Cancer will be diagnosed in one of two men and one of three women during their lifetime in the U.S. and this disease is now the second most common cause of death [1]. Despite the significant burden of this disease, major improvements in cancer control, including innovations in cancer prevention, early detection, treatment, and supportive care have resulted in improved prognosis for patients confronted with a cancer diagnosis across the age spectrum. For most of these advances, the requisite step prior to the application of the medical intervention is to secure the results from one or more pivotal clinical trials that demonstrate an improved outcome. Prior to the initiation and completion of such pivotal Phase III trials, there may have been a host of preceding clinical studies that examine dosing, toxicity as well as initial efficacy, and the trends in success emerging out of these initial studies would have provided the scientific support for conducting the larger Phase III trials.

The occurrence of neoplastic diseases varies by ethnicity and race. Responses to treatment also vary by ethnicity and race. For example, for patients of Hispanic ethnicity, the overall incidence rates of cancer are generally lower; yet for some specific tumor types, incidence rates are higher compared to other groups. Hispanics have higher incidence and mortality rates than non-Hispanic whites for stomach, liver, uterine cervix, and gallbladder cancers, perhaps reflecting greater exposure to oncogenic infectious agents, lower rates of screening for cervical cancer, differences in lifestyle and dietary patterns, and possibly genetic factors [1]. In the South Texas region served by the Cancer Therapy and Research Center (CTRC) of the University of Texas Health Science Center at San Antonio, hepatocellular cancer (HCC) in particular, is seen at higher rates compared to the rest of the United States. From 1995 through 2006, Latinos accounted for more than one-third of the HCC cases reported in Texas and nearly three-fourths of all HCC cases reported for South Texas. HCC incidence was highest in South Texas Latino men and women (17.3/100,000 and 5.4/100,000), more than 45% and 42% higher than in respective Surveillance, Epidemiology, and End Results (SEER) subjects (SEER 13 grouping) [2]. Likewise, the incidence rates for human papilloma virus (HPV)-associated cervical cancer (2005-2009) were highest among Hispanic women compared to other sub-groups [3], implying an increased incidence in South Texas with its predominant Hispanic population.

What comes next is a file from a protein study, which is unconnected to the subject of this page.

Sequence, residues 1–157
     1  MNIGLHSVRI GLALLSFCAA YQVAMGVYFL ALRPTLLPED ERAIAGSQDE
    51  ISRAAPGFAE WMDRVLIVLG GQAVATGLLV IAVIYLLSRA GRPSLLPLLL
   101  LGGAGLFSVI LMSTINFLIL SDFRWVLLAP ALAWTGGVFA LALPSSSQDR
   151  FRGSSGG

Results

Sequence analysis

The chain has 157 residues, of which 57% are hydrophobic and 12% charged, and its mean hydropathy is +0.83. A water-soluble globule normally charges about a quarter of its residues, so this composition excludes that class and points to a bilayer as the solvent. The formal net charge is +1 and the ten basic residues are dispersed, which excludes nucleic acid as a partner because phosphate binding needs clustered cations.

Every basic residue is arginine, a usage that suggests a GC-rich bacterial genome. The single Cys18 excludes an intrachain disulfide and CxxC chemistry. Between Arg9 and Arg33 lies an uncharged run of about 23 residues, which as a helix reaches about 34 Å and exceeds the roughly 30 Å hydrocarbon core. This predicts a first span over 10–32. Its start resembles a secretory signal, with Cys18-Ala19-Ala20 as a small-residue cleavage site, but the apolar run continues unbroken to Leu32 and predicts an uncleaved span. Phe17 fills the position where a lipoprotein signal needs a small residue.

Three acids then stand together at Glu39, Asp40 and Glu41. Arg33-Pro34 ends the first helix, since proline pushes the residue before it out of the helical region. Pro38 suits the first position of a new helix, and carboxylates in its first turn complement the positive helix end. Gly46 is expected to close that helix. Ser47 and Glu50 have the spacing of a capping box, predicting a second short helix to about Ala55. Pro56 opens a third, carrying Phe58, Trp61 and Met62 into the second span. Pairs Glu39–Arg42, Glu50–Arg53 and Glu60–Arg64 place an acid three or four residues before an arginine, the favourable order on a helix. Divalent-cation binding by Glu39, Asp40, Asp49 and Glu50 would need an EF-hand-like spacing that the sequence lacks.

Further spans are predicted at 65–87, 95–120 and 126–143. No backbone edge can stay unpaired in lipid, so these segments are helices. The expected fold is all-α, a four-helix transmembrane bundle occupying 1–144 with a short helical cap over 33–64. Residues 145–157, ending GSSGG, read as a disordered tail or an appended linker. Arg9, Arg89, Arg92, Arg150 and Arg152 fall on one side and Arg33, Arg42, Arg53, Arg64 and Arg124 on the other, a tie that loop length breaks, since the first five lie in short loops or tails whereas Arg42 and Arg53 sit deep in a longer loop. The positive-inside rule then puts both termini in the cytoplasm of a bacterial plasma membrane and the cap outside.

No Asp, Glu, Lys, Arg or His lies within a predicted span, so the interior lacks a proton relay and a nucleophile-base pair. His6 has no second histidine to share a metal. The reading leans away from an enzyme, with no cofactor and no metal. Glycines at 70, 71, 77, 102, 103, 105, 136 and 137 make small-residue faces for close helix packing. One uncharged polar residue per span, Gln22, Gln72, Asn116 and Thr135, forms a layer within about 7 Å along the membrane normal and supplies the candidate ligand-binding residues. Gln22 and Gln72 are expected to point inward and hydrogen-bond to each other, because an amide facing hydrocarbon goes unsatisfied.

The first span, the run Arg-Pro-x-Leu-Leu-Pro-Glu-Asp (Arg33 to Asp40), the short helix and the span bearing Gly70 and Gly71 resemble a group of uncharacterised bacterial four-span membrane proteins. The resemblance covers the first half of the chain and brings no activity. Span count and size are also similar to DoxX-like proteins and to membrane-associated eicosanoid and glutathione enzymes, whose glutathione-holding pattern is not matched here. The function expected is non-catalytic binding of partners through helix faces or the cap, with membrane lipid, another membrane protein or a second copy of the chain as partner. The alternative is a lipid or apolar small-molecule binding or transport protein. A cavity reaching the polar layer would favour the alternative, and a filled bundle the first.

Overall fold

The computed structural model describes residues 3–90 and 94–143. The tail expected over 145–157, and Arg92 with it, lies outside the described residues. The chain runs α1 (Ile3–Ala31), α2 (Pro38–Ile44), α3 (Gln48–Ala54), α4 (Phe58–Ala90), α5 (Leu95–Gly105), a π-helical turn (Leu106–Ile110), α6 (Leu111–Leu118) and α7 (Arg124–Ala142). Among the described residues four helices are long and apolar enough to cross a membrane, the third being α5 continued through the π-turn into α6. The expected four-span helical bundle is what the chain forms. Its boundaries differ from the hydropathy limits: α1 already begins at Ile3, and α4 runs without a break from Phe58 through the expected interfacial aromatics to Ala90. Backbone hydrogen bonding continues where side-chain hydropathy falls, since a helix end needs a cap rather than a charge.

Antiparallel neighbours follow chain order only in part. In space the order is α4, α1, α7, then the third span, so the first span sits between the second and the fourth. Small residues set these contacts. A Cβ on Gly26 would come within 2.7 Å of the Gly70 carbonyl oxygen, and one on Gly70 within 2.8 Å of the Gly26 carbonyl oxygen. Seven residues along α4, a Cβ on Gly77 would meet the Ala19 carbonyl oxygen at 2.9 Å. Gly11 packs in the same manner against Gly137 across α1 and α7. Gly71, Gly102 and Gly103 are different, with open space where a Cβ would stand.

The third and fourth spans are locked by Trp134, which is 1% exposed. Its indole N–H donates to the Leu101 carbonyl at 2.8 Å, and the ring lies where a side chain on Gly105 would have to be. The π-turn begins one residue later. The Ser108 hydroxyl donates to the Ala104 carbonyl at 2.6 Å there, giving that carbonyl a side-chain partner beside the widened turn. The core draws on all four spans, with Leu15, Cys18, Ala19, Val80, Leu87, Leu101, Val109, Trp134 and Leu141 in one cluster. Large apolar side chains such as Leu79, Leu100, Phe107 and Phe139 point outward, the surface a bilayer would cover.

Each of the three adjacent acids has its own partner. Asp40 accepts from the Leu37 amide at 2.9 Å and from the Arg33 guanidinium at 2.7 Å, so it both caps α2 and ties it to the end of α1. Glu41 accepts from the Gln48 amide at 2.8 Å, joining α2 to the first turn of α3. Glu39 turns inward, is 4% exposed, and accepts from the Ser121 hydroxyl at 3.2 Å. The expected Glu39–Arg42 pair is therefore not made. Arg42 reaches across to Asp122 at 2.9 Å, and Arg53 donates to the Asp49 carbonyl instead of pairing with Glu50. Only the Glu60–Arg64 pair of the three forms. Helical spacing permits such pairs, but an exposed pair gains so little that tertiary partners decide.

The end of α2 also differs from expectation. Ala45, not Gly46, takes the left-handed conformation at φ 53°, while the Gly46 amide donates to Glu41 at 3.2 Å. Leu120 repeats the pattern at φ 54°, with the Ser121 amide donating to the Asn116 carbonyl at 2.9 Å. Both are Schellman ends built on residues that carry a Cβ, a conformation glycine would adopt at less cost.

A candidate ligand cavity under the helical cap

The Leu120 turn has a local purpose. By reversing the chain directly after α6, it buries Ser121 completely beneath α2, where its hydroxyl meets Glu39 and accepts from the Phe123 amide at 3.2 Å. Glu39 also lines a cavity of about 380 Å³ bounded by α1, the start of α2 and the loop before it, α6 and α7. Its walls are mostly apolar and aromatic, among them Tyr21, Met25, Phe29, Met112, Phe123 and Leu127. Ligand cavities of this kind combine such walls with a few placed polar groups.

In addition to the significantly increased rates of certain tumors among Hispanics of South Texas, there is also evidence that efficacy of early detection, prevention, and treatment interventions are different for this ethnic group. For example, as part of the activities of the National Cancer Institute (NCI)-funded Redes En Acción research network, two groups of women who received abnormal screening mammogram results were compared: those who had the use of patient navigators (trained health workers that act as liaison to help cancer patients “navigate” barriers of culture, language, and access to cancer care) vs. those who did not. The results showed that the time to diagnosis was notably shorter in the navigated group (mean, 32.5 days vs. 44.6 days for the control group) [4]. Of importance to the risk of cervical cancer, investigators from the Centers for Disease Control and Prevention found significant differences in HPV serotypes in Hispanic and non-Hispanic women, which led them to conclude that age and racial/ethnic differences in HPV-type distribution may have implications for vaccine effectiveness [5].